Goddess Lakshmi
One of the Tridevi, the trinity of goddess consorts for the Trimurti. Lakshmi is the consort of Vishnu, and is the goddess of wealth, prosperity, and good fortune. She takes many forms in order to accompany Vishnu regardless of his incarnation, and helps him to maintain the universe. She is often worshipped during the festival of Diwali, or in the home (especially on Fridays). Her blessings bring prosperity in both a material and spiritual sense. She’s a central figure within Shaktism, a sect that has strong traditions revolving around the divine feminine.

Lord Shiva
One of the Trimurti. Shiva is the god of destruction and transformation, yet to some he is also a symbol of restoration, sensuality, or even a wrathful avenger. He’s depicted with a third eye, a moon on his forehead, and the serpent, Vasuki, around his neck. Shiva has pre-Vedic roots (the traditions of the ancient religion known as “Vedism” helped to shape Hinduism), and has many different forms. He’s often portrayed in the act of slaying a demon, but is also associated with meditation, asceticism, and yoga. Shaivites worship Shiva as the supreme god.

Goddess Parvati
One of the Tridevi, the trinity of goddess consorts for the Trimurti. Parvati is the consort of Shiva, and is a fierce and powerful mother goddess who’s associated with energy, beauty, nourishment, harmony and fertility. Born the daughter of Himalaya (the mountain), she won Shiva’s love due to her dedication to asceticism. She’s often worshipped during the festival of Navratri, and is believed to vanquish evil forces. Parvati is also worshipped under the names of Durga and Kali, and is a central figure within Shaktism, the goddess-oriented sect of Hinduism.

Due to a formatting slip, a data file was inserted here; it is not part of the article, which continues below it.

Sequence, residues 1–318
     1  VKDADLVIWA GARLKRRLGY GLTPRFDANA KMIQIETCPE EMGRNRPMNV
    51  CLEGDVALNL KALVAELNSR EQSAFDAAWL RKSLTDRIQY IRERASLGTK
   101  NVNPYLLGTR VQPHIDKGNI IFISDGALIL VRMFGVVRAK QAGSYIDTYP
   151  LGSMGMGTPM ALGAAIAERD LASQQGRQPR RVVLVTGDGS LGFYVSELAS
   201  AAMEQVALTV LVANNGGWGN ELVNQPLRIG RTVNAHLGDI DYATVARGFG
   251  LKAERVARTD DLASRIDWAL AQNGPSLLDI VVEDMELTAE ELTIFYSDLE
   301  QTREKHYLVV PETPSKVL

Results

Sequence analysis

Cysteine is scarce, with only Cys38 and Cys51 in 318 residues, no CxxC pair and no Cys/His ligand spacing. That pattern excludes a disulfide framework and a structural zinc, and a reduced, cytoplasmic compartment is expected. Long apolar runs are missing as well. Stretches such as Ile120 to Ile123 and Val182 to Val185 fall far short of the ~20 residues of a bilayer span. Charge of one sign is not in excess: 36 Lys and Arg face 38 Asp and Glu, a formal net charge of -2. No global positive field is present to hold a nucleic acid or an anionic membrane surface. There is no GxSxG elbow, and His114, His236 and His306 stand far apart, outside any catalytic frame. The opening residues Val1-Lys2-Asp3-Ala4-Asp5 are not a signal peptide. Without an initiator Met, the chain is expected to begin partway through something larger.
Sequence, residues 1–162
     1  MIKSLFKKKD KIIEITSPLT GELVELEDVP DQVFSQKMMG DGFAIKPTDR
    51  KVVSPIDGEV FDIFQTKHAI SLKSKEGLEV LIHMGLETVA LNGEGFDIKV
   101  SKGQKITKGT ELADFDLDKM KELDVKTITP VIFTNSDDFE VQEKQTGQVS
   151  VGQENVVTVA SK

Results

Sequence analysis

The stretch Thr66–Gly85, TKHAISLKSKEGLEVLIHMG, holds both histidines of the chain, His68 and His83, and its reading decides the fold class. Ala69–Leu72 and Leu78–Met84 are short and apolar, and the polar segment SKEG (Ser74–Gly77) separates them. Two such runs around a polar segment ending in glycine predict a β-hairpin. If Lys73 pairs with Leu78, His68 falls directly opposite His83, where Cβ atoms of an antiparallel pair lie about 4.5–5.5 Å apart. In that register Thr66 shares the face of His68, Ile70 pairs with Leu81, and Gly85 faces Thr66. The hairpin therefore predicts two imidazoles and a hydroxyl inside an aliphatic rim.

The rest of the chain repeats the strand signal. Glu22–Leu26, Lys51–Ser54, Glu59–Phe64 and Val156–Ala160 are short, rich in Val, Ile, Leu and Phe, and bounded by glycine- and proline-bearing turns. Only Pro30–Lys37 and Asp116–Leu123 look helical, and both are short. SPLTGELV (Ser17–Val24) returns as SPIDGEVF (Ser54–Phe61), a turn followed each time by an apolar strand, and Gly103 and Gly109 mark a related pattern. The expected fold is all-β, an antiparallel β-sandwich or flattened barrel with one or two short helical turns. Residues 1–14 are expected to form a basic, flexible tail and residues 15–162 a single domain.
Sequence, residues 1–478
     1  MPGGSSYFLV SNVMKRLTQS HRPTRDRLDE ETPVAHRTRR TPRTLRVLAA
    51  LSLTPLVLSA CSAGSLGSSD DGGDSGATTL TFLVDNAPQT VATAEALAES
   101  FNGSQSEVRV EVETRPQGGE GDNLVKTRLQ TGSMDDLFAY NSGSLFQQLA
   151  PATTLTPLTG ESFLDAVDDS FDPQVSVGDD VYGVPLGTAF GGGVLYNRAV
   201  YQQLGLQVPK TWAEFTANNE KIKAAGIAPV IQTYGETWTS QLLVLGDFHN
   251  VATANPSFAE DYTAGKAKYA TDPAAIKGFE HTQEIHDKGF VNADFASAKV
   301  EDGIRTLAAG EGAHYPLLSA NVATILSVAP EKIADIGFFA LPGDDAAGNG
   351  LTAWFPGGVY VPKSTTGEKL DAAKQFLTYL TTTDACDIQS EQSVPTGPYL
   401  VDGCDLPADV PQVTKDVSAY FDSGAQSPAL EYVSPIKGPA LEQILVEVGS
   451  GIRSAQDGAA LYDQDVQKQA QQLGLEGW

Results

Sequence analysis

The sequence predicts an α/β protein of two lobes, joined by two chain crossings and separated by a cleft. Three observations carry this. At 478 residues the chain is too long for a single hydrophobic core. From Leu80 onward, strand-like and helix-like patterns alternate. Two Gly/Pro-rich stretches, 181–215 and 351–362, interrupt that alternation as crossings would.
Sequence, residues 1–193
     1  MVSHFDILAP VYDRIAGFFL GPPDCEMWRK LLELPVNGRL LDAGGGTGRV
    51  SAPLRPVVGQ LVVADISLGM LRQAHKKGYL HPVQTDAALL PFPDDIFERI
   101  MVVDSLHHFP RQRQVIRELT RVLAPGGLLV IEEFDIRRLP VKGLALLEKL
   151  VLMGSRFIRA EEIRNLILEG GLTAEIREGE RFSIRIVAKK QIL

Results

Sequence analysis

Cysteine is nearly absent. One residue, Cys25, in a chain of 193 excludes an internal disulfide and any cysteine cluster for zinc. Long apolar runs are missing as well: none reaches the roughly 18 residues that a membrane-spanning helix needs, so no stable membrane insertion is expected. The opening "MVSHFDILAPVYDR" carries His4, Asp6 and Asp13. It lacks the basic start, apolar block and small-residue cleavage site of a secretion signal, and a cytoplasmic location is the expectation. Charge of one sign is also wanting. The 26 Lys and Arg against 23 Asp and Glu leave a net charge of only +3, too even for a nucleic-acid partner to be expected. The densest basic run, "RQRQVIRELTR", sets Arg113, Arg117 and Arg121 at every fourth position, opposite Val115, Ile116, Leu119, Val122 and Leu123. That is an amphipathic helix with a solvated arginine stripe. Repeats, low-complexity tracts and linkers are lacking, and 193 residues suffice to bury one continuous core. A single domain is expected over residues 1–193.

Other Hindu Gods and Goddesses

Within the vast pantheon of other Hindu gods and goddesses who aren’t numbered among the Trimurti or the Tridevi, the following are some of the most commonly venerated.

The fearsome goddess who is a form of the goddess Parvati. She’s often depicted with a garland of skulls, a skirt of demon hands and a protruding tongue. She is venerated for her power to destroy evil and ignorance.

The elephant-headed god who removes obstacles and serves as the god of new beginnings. Ganesha is the son of Shiva and Parvati, and he’s the first god to be worshipped at the start of any new endeavour or project. He’s said to be fond of sweets!

The seventh incarnation of Vishnu who killed the multi-headed demon king, Ravana. Rama is one of the most widely worshipped Hindu deities (sometimes even as a supreme god), and he embodies chivalry and virtue.

The eighth incarnation of Vishnu, Krishna is sometimes worshipped as a supreme god in his own right. He’s a slayer of many demons, and is depicted with blue-black skin and a crown of peacock feathers.

An incarnation of Shiva who helped Rama to defeat Ravana. One of the eight immortals, Hanuman has the face of a monkey and is a symbol of strength. He is the reason why monkeys are considered to be sacred animals.

These are just a few examples of the most celebrated Hindu deities, but there are many more gods and goddesses in the Hindu pantheon, each with their own unique qualities, attributes, and a legion of fascinating stories, myths and tales attached to them.